Common Errors - P-8710066

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CHAPTER FOUR
9.  As the aircraft approaches the point, it will be necessary to determine whether you will
reach the radial or the DME first. To come as close as possible to the new point, it will be
necessary to judge the rate at which the DME is moving and the rate at which you are crossing
radials. If determined one rate is moving faster than the other, it may be the aircraft will reach
the DME or radial first rather than simultaneously. Keep the following in mind when trying to
hit a point:
a.
DME Rate of Change. When the bearing pointer is closer to the heading index than
the 90° benchmark, i.e., above the 45° benchmark, the DME will change faster than
the radials. The opposite is true when the bearing pointer is nearer the 90°
benchmark, i.e., when the bearing pointer is below the 45° benchmark.
i.
Remember, unless the winds are very strong, when the head of the bearing
pointer is above the 90° benchmark, the DME will get smaller. When the head
of the bearing pointer is below the 90° benchmark, the DME will probably get
larger.
ii.
To get your DME to "speed up," turn to place the bearing pointer closer to the
heading index. This will slow the rate at which you are crossing radials. When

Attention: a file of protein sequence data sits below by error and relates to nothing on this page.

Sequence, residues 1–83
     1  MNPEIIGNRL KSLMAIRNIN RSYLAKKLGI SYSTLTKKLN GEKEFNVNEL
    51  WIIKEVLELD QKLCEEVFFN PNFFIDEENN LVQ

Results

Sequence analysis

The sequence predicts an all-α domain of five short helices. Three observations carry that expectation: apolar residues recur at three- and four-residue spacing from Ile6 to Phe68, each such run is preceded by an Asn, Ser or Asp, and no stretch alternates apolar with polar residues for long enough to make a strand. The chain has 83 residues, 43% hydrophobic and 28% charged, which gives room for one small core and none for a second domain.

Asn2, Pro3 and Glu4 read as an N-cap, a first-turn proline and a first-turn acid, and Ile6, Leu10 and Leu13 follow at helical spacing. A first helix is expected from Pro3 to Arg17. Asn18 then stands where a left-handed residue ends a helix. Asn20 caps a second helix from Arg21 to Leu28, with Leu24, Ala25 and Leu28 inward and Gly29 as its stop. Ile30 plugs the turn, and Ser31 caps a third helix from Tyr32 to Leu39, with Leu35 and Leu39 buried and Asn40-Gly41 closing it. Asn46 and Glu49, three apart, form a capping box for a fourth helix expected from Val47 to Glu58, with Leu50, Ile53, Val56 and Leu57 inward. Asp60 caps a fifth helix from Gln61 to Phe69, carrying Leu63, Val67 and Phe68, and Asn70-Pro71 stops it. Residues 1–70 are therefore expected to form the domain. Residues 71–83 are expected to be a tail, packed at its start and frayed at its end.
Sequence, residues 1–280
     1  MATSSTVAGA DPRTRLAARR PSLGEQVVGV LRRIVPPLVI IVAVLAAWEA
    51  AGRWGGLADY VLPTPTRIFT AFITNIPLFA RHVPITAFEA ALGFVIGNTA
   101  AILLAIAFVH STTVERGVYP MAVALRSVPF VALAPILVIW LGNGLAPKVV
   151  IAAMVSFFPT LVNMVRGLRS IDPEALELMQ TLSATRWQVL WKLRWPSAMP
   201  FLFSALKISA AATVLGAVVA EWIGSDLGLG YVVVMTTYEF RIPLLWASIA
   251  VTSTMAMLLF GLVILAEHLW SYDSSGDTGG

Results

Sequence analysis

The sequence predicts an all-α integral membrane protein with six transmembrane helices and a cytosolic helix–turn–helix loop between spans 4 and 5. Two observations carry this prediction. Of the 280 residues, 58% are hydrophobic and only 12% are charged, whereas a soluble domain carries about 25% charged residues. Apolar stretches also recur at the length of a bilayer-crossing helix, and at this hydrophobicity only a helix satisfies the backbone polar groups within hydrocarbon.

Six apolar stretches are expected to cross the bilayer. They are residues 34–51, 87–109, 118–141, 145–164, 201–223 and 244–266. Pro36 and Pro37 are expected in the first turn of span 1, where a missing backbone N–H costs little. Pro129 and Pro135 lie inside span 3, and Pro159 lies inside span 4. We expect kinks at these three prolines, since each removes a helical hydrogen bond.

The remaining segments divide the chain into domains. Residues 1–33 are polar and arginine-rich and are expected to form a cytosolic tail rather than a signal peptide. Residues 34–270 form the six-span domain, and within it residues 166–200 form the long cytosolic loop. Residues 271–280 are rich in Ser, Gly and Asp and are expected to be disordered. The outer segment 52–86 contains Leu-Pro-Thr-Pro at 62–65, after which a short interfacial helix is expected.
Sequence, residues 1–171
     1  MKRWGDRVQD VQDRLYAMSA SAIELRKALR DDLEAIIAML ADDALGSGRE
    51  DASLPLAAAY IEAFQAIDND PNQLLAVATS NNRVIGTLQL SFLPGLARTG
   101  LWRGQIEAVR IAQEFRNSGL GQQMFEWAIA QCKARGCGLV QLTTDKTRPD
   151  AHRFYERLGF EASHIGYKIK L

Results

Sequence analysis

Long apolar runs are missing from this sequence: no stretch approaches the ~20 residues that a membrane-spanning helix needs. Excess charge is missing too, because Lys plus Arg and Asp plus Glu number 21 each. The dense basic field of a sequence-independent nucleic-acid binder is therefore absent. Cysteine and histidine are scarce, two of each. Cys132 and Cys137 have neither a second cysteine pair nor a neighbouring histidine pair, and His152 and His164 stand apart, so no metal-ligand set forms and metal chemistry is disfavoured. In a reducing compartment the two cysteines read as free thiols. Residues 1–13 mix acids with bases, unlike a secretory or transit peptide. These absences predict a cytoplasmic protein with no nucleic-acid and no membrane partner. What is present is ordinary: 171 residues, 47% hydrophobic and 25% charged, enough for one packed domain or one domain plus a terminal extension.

going inbound, you will be working with the head of the bearing pointer. When
going outbound, you will be working with the tail.
b.
Radial Rate of Change. To cross radials faster, turn to place the bearing pointer
closer to the 90° benchmark. This will slow the rate of DME change.
i.
You will not necessarily be able to determine the exact heading to roll out on as
before it is too late. Once on your new heading, let things settle down (cross a
few radials, and let a few tenths of DME pass). Then update again by trying to
determine if you will hit the radial or DME first.
ii.
Your goal is to get as close as you can to the desired point. Continually update
until crossing the point.
10. In the event your solution does not work out exactly, you may arrive either at your desired
DME or radial prior to the fix. Regardless of which comes first, you can consider yourself at the
fix once within the distance required by course standards.
COMMON ERRORS
1.  Failing to expedite the first step. Remember there is plenty of time to refine your solution
once proceeding in the general direction.
2.  Failing to make frequent updates. As you get closer to the station, more updates will be
required to ensure an accurate solution.